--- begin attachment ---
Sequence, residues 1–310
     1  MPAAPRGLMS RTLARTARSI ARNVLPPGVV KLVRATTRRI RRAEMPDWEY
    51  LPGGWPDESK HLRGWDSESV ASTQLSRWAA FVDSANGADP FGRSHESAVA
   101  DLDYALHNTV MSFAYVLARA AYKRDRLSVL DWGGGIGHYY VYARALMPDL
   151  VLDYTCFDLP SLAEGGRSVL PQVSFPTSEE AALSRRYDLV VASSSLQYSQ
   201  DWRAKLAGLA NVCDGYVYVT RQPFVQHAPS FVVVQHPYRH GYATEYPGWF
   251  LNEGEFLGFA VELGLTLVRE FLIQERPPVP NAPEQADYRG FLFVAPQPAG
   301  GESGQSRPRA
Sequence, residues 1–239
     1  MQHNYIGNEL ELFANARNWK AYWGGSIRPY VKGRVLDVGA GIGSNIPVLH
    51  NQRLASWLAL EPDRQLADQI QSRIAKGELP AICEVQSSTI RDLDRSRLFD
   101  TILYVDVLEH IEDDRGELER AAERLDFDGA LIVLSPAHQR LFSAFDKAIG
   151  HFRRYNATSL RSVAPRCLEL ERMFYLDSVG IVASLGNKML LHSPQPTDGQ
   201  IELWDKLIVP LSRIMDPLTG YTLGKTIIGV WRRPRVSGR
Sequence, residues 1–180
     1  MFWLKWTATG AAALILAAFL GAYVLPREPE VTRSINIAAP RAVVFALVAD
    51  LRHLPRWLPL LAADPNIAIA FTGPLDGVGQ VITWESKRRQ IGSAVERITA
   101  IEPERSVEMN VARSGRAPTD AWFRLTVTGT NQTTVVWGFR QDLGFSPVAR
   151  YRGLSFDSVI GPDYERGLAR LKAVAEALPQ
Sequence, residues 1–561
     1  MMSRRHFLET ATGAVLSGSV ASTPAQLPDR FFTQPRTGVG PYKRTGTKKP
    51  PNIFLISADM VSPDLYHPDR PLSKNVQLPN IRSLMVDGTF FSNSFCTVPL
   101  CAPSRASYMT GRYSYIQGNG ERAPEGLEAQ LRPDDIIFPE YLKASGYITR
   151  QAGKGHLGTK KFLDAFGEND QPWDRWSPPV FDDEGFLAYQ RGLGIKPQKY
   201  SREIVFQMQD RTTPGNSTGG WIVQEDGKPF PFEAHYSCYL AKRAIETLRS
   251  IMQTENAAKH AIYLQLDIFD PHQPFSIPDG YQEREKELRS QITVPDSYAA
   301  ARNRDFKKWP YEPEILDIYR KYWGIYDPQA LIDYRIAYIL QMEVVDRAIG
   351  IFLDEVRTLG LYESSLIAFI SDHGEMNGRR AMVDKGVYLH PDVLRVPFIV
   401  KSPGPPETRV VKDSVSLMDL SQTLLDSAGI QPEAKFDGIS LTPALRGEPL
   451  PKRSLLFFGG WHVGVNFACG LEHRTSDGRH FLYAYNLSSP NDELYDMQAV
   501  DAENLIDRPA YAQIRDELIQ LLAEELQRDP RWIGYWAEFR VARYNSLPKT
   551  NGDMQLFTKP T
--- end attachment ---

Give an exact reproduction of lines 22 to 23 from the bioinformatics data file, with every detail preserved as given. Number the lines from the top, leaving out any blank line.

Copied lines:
    51  PNIFLISADM VSPDLYHPDR PLSKNVQLPN IRSLMVDGTF FSNSFCTVPL
   101  CAPSRASYMT GRYSYIQGNG ERAPEGLEAQ LRPDDIIFPE YLKASGYITR